"Colonel Roosevelt" is the conclusion of Edmund Morris' magnificent three volume biography of Theodore Roosevelt. Covering the post presidential years, it tells the story of the Man in the Arena "whose face is marred by dust and sweat and blood; who strives valiantly; who errs, who comes short again and again...who does actually strive to do the deeds; who knows great enthusiasms, the great devotions; who spends himself in a worthy cause; who at the best knows in the end the triumph of high achievement, and who at the worst, if he fails, at least fails while daring greatly, so that his place shall never be with those cold and timid souls who neither know victory nor defeat." For TR it was a time of great enthusiasm, great devotions, worthy causes, high achievement and failure while daring greatly.
Having retired from the pinnacle of power and popularity when he could have had a third and we will never know how many terms, TR was relegated to the role of a critic, not that of an actor, certainly a frustrating circumstance for him.
After leaving the White House in 1909, Roosevelt and his son, Kermit, launched the largest safari known to Equatorial Africa, a scientific expedition to gather specimens for Smithsonian Institution and for the American Museum of Natural History in New York. Upon returning to civilization he was met by disgruntled Progressives calling for his return to the political arena to restore the promise of the past. His return home through Europe was a triumphant tour reminiscent of that of General Grant almost forty years before.
He returned to an America that had, in the view of himself and his supporters, deviated from the course that he had set for it. Gradually becoming more vocal, he enunciated the Progressive Platform at Osawatomie, Kansas in August 1910. Heeding the pleas of his supporters, the Colonel entered the 1912 presidential race because "We stand at Armageddon, and we battle for the Lord." After being denied the Republican nomination by party bosses, Roosevelt took on the leadership of the Bull Moose Party, guiding it to a respectable, though disappointing, second place finish.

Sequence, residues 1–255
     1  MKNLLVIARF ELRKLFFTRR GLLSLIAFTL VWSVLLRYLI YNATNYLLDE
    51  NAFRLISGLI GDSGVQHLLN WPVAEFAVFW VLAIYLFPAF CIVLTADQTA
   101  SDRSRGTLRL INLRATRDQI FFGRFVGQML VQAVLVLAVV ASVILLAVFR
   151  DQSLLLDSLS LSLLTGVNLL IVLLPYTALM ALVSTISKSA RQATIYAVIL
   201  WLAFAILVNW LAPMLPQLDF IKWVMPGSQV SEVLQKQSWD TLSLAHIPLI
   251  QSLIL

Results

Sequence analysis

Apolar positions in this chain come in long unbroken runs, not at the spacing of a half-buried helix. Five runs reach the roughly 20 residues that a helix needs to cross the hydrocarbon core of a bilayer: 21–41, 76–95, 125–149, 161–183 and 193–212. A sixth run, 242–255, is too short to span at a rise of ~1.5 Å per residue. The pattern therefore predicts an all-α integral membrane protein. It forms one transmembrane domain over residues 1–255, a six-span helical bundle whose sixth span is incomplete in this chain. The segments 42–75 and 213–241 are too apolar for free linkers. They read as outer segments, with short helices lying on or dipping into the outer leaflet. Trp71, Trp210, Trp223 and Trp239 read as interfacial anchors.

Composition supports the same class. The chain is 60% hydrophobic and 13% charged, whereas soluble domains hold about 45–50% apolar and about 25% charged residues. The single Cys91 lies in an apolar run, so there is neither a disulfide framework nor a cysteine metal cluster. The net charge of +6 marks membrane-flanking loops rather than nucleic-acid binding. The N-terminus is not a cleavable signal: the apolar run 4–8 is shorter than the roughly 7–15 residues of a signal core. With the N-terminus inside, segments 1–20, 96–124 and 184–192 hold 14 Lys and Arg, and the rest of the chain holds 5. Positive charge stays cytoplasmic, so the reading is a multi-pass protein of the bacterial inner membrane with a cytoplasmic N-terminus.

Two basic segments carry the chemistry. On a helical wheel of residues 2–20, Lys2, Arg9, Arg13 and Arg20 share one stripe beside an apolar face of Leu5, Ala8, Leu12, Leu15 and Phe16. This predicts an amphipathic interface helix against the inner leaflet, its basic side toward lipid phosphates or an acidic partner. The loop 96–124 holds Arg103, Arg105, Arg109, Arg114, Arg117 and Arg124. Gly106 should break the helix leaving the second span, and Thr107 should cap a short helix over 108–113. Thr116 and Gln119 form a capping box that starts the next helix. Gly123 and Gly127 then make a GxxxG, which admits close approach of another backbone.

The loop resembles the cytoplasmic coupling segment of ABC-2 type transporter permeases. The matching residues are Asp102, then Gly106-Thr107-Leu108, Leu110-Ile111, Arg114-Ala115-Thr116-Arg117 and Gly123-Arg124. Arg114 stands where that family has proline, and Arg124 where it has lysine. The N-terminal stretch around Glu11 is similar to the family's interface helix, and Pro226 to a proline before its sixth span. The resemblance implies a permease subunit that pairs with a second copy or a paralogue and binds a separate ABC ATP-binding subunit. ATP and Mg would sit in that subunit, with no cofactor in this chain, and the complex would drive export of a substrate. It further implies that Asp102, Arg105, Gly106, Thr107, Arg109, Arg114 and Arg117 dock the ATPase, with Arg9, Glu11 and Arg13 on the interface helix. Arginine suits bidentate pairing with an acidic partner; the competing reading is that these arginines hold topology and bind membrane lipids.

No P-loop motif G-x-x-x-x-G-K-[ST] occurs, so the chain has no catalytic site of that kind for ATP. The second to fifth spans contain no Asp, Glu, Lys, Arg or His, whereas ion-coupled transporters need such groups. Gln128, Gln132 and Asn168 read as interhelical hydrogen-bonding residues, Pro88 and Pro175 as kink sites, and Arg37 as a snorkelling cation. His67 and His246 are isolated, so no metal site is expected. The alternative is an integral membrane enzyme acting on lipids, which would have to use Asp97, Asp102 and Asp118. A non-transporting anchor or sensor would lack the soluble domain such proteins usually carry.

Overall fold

After this defeat, the Colonel joined Kermit in a recklessly dangerous exploration of the Brazilian River of Doubt, later renamed the Rio Roosevelt. During this "last chance to be a boy" TR almost died from disease and, but for the forbearance of Indians who followed the expedition, could have ended up being a meal for cannibals.
Upon his return to New York, Colonel Roosevelt again entered the arena, this time as a critic of the Wilson administration, particularly its foreign policy concerning the war that was then consuming Europe. Despite his increasing disgust with Wilson, he declined to consider a run in 1916. Sickened from malaria, blind in one eye from a boxing accident while in the White House, the Colonel begged to be allowed to rejoin the army for World War I, only to be rejected by President Wilson. TR was only able to participate in this war vicariously through his sons who all served and were wounded, Quentin fatally. From then on health and frustration led to a declining life until, while still planning a return to the White House in 1920, the Old Lion died in his sleep in 1919.
The story is bigger than life, a real world tragedy of a great heart who strove mightily but was not allowed to fulfill his destiny, a twentieth Century Leer who voluntarily gave up power only to see his world crumble while he is helpless to stop it.
The writing is a fair fit for the story. Edmund Morris' ability to tell a tale is a match for any author. I have now completed the trilogy and have enjoyed every moment, every word of it. TR would not have missed such an adventure and neither should you.